An aerial photograph taken of a tailings storage facility, during an aerial inspection that is one element in an active monitoring program for the facility. An aerial photograph taken of a tailings storage facility, during an aerial inspection that is one element in an active monitoring program for the facility.

Monitoring of mine tailings storage facilities could provide better levels of confidence that the facility is performing as intended if regular monitoring data measurements were compared to expected values, rather than just being checked for changes, according to two engineers at SRK Consulting in South Africa.

In a presentation to the South African Young Geotechnical Engineers conference in Stellenbosch, civil engineer Andrew Derrick and geotechnical engineer Waldo Kruger argued that traditional monitoring techniques do not generate a tangible measure of ‘degree of belief’—especially after a number of highly publicized tailings dam failures in recent years.

As an illustration of a contributing factor to possible mishaps, they pointed out that—in South Africa, for example—the regulated hazard profile for tailings dams is based on the regulatory protocol for the inspection of water retention dams.

“While the depth and volume retained by a water storage dam tends to remain relatively steady, the same cannot be said of a tailings dam,” said Derrick and Kruger. “Tailings dams are constantly changing, and these changes are essentially detrimental; as they get higher, the potential risks increase and there is progressively more chance of operational errors.”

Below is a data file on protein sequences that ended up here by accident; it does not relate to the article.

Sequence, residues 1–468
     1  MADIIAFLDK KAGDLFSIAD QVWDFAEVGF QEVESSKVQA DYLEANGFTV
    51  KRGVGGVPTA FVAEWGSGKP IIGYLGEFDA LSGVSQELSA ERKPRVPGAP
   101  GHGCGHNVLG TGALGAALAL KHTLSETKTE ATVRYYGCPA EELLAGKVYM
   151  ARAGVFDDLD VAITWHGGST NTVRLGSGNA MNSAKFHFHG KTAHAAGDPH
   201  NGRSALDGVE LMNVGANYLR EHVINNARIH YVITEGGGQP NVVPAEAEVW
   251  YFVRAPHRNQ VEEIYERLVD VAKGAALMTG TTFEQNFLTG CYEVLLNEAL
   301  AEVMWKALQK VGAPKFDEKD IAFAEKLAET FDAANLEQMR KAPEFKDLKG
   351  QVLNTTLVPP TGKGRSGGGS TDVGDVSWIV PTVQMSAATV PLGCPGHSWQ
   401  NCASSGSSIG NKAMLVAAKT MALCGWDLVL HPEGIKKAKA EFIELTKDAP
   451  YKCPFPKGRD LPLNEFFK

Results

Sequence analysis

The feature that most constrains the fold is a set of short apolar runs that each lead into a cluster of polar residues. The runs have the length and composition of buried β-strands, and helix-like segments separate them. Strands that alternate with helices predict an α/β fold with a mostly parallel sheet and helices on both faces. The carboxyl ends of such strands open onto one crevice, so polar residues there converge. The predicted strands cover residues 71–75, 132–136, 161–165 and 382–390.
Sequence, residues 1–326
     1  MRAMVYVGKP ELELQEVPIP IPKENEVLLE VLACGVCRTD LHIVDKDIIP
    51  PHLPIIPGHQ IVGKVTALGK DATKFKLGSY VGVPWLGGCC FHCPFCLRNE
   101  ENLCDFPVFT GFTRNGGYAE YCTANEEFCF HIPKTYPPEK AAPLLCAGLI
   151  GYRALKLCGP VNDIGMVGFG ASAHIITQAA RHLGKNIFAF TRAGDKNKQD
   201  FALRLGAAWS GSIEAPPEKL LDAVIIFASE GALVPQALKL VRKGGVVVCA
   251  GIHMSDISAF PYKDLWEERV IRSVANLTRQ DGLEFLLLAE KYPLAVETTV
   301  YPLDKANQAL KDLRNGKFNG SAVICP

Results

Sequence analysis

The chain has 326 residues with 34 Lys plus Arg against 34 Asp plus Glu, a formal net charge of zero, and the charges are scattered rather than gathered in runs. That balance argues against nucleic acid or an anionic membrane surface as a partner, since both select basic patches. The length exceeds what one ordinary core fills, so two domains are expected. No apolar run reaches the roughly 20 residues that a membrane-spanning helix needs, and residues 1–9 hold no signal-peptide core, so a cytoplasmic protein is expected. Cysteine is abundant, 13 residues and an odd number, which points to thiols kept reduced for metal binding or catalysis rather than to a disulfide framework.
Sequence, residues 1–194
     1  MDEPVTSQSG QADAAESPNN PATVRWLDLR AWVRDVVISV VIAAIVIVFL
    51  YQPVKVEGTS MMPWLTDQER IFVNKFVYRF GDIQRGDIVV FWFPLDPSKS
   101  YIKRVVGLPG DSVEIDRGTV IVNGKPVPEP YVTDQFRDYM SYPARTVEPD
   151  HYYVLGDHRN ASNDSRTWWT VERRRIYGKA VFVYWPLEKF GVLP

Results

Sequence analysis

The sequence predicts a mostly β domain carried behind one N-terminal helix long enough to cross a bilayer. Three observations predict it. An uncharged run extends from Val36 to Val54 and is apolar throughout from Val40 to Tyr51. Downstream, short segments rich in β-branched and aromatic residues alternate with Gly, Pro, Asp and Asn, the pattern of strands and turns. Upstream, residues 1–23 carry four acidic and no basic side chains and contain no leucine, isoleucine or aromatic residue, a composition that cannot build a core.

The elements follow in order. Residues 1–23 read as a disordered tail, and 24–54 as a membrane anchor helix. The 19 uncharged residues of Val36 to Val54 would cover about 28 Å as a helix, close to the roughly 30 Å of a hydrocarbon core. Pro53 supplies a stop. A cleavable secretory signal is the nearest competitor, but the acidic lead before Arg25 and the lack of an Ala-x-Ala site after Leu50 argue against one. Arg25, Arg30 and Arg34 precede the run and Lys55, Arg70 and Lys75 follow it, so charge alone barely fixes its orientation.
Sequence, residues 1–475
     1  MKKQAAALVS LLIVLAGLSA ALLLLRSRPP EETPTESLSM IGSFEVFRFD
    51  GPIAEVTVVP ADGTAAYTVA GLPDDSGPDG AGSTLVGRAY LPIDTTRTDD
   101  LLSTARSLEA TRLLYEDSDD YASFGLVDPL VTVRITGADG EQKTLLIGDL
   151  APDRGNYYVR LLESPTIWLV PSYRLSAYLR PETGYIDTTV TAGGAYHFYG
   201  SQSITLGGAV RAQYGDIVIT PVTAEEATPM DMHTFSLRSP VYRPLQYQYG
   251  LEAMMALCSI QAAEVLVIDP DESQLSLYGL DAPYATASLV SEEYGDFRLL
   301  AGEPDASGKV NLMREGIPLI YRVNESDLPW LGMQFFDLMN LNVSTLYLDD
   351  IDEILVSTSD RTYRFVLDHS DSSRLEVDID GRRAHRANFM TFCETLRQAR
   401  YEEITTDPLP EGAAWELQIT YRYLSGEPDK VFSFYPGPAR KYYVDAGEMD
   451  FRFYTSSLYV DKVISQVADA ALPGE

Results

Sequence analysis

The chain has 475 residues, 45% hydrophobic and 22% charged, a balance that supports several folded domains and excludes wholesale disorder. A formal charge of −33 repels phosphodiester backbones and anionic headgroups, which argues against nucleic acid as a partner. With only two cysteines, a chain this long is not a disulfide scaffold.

These dangers are aggravated by the fact that the dams do not generate revenue directly to fund their own maintenance, and are often treated as an irritation by owners who are seldom familiar with the geotechnical aspects of these structures, they said.

To check on the stability of tailings dams, current monitoring practices include site inspections, meetings and analysis of material, geometric and climatic data as well as checking on the seepage regime and the water table.

Standpipe piezometers are installed to measure water levels within the facilities, and these reflect the efficiency of the drainage system; large changes in the piezometric level, then, may indicate a possible blockage of drains.

“This information, however, is only a record of changes within the dam—implying some form of consistency or inconsistency,” they said. “The readings are not compared to an expected value that measures the performance against the design.”

So, while monthly drain flow measurements are useful for checking on individual drain performance, the information does not indicate the level of risk or the probability of failure.

“Monitoring programs should be designed in such a way that field measurements are compared to anticipated performance,” said Derrick and Kruger. “An investigation should be done into the establishment of a database of monitoring information, so that an empirical model could be developed from the data. Expected drain flows could then be obtained using empirical data.”

They also argued for an analytical model that could be calibrated against the empirical model and the database; while admitting that this could be a difficult task, they were confident that this would allow for a more reliable quantifying of the risks inherent in tailings dams.

“In this way, a systems approach could be applied to the monitoring of tailings storage facilities, and this would enable owners, regulators and practitioners to re-assess our ‘degree of belief’ on an ongoing basis—instilling more confidence in our monitoring practices,” they said.